I can recall only two instances where the ioDrives acted funky, and both were on systems with known PCIe issues at the hardware level (i.e. bad riser, motherboard, and/or firmware). The ioDrives disappeared after a reboot, and never re-appeared. I've never seen them fail on a system that's up and running.

October 5, 2011 11:58 AM
 

jchang said:

Adam: well perhaps of some interest as they do have that iron man impersonator

Oliver: yes this help alot. There are 365.2425 x 24 = 8765.82 hours per year. For 1M-hr MTBF, we should expect 9 failures per 1000 units each year. Please let us know if this is still the case next year too!

The reason we have RAID is that in the old days, HDD MTBF was more like 100K-hr, so a storage system with 1000 drives would encounter 100 failures per year, ie, not good. If we do have solid evidence for Fusion at 1M-hr MTBF (actual production, not elevated temperature testing) this means a system with 10 ioDrives has a 1 out of 10 expectation of failure in one year of operation, which should be sufficient to support the no-RAID proposal.

Furthermore, I am guessing that the most likely mode of SSD failure is inability to write new data, but old data is still readable (near). Wouldn't it be a neat trick if SQL Server could detect that one SSD has write-failed, and just write changes to other working units? and then migrate data off the failed SSD

October 5, 2011 12:26 PM
 

Adam Machanic said:

BTW, in my current project we have two servers, each with 7 Fusion-IO cards. In one of the servers a couple of months ago we had 3 drives totally fail in a two week period. Not sure if it was a bad batch, or what. I'm still a big fan of the cards.

October 5, 2011 12:55 PM
 

jchang said:

I have heard of multiple disks failing simultaneously, which would lead me to believe that was due to environmental factors - under-voltage, failed fanned etc. The MTBF stuff I talked about should apply to statistical failure rate. For 3 units in a 2 week period, I am inclined to suggest a bad component, a capacitor perhaps? Still thats a good point. RAID is only a good solution for statistical failure events, such that 2 or 3 disks failing nearly simultaneously (a second unit fails before the spare is put in and the RAID rebuilt) does not happen. For systemic failure events, I think it is better to rely on a failover system with its own storage (ie, not a cluster). Given that there are two complete systems for failover, there should be no need to go overboard on single HA.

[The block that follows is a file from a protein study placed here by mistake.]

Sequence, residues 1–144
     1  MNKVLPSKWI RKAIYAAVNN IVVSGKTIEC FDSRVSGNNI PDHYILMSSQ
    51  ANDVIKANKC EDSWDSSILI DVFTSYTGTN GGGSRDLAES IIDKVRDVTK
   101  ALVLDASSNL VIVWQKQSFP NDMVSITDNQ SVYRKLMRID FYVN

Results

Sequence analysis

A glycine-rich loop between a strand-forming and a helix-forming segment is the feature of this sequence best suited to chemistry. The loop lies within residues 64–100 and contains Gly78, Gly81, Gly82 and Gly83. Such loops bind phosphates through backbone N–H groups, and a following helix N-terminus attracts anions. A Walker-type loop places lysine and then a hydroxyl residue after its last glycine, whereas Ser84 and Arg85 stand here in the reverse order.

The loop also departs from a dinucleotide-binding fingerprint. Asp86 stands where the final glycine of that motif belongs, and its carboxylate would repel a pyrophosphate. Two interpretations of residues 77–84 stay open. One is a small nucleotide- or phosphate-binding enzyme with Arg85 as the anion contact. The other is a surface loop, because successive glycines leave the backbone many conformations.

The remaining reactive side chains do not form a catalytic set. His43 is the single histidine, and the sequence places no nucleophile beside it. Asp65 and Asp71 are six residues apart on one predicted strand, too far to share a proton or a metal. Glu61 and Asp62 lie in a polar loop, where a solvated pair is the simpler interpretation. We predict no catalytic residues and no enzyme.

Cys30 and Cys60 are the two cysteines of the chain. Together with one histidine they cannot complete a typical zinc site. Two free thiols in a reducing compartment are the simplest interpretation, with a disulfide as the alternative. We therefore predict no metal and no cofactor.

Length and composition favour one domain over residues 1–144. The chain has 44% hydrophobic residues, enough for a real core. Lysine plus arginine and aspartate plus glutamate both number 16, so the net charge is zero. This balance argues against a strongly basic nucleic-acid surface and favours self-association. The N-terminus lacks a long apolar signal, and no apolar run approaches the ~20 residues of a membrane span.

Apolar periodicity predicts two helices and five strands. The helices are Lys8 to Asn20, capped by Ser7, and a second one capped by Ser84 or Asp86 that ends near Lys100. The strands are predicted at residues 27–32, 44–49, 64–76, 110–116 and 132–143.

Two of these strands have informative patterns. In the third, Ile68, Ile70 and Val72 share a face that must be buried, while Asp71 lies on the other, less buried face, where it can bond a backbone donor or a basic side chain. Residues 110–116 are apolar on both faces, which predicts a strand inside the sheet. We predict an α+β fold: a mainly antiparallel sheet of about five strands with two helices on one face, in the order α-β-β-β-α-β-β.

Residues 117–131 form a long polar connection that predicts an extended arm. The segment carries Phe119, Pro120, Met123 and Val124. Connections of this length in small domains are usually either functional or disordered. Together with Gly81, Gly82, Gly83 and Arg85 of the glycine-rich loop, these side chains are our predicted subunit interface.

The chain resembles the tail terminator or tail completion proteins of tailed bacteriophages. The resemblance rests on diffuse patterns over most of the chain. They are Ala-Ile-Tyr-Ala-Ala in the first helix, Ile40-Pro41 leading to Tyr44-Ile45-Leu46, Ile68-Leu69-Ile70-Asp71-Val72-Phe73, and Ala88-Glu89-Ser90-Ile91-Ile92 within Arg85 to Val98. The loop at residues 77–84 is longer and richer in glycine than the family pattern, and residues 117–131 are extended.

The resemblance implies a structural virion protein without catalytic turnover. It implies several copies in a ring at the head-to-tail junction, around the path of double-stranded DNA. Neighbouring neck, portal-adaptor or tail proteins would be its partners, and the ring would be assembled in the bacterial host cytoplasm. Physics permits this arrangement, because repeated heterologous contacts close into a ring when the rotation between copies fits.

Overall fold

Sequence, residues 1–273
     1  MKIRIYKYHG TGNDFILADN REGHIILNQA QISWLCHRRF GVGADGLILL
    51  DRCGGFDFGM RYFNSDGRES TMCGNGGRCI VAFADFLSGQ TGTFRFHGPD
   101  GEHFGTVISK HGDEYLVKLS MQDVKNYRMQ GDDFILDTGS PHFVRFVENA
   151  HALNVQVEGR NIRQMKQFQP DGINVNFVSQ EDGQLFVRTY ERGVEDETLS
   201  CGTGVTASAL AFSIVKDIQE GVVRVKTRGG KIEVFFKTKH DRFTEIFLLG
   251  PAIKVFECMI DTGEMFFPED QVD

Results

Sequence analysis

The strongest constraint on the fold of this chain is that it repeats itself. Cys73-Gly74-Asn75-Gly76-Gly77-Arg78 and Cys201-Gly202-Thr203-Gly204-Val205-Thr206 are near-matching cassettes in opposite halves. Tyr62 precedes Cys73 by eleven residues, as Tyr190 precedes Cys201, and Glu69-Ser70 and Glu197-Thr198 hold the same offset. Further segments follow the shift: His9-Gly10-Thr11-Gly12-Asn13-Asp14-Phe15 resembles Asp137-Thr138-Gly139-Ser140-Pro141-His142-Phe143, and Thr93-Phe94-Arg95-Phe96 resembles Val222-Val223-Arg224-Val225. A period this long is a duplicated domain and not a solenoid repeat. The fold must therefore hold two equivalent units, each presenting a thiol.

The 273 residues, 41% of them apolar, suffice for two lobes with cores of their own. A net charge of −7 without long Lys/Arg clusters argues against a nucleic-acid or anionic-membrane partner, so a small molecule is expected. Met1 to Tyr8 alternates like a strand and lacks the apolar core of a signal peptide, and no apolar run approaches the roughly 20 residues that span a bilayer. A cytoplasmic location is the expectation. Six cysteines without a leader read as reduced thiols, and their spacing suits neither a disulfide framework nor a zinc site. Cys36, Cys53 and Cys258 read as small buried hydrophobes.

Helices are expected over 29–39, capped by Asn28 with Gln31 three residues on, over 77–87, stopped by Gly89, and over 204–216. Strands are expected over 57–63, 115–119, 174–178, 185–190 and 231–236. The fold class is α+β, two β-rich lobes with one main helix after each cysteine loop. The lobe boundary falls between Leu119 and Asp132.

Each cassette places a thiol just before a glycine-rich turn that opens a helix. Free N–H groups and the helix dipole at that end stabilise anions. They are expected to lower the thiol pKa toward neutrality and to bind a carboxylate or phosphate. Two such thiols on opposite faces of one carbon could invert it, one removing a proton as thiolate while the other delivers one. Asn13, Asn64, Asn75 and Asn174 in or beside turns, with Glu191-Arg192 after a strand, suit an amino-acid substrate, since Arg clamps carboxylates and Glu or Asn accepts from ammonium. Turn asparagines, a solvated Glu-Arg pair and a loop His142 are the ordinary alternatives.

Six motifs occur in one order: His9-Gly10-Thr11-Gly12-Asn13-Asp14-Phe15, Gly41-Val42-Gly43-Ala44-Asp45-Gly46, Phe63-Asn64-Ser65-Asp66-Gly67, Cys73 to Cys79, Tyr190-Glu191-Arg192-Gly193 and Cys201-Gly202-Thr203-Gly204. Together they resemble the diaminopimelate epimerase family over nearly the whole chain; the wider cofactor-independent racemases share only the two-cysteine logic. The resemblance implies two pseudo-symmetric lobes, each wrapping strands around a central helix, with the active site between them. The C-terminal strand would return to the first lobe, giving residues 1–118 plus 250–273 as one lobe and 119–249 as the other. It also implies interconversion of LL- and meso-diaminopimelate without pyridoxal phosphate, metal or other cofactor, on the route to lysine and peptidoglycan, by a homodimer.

October 5, 2011 4:34 PM
 

Dave Wujcik said:

This is a cost-effective, fast, reliable solution to accelerating high IO loads such as database/VDI, vs having to use hundreds of spinning disks to try and keep up with the same performance. You can raid all the SSDs you want, you'll never get sub 50us latencies out of it, or any reliability. The low latency is really what makes the product.

-- Dave

October 6, 2011 12:39 PM
 

jchang said:

Most RDMBS engines, even the one from Ironman, have from the beginning been properly optimized for very large HDD arrays, so that properly written code is not hindered in performance. Of course, crappy code always performs like crap.

See my summary of TPC-E benchmark results, which shows that SSD may improve performance in the range of 2-10% depending on memory (a larger impact for memory constrained, less for 1TB memory). The theory is that with SSDs, disk latency is lower, and there are fewer transactions in flight at any given point in time, which improves efficiency.

The advantage of SSDs is that unconstrained performance can now be achieved a much lower cost point. An unconstrained HDD system might have 500 disks. For 15K 146GB SAS direct-attach, figure $500 per disk amortizing the disk enclosure, so $250K, with a raw capacity of 73TB, or RAID 10 capacity of 36TB.

Now compare consumer and enterprise SSD at $4K and $15K per TB respectively. If we really need 36TB net capacity, then the HDD solution is good. But if we only 1-10TB, then the SSD solution is better.

October 6, 2011 3:13 PM
 

Robert (Bob) Leithiser said:

An item of major significance is that devices at this level of write latency introduce a new paradigm for data mining. Whereas the model to date for data mining has been aggregating large amounts of data and then looking for patterns, the design pattern is transformed by the amazing write latencies of these devices. Now, instead of generating aggregates and analytical derivative values in batch, the fast write latencies allow the immediate storage of the calculated data.

I've written some complex triggers that leverage the low latency of PCIE-SSD to do expensive calculations including rolling 20 day Bollinger Band and moving averages as quote data is received. These are plenty fast enough to keep up with 20 Mbps Internet pipes used to collect the raw data. Such a technique can support contrarian financial trading bots that anticipate market reversals before they start by integrating real-time quote data with longer-term trends and correlations. This type of real-time monitoring is potentially more profitable and less risky than simply riding trends as do most of the current trading bots.

I believe that a key to proactive BI which includes decision-making with simulative validation rather than just decision-analysis is in frameworks that continually aggregate derivatives associated with event sequences. If you maintain sufficient analytics in real-time relative to the data collection then the relational state changes between significant events can be monitored constantly to allow actionable BI that adapts decision criteria dynamically without the need for post-mortem analysis of correlative data that is prone to be out of date by the time it is analyzed.

Something to think about…

October 30, 2011 12:04 AM

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About jchang

Reverse engineering the SQL Server Cost Based Optimizer (Query Optimizer), NUMA System Architecture, performance tools developer - SQL ExecStats, mucking with the data distribution statistics histogram - decoding STATS_STREAM, Parallel Execution plans, microprocessors, SSD, HDD, SAN, storage performance, performance modeling and prediction, database architecture, SQL Server engine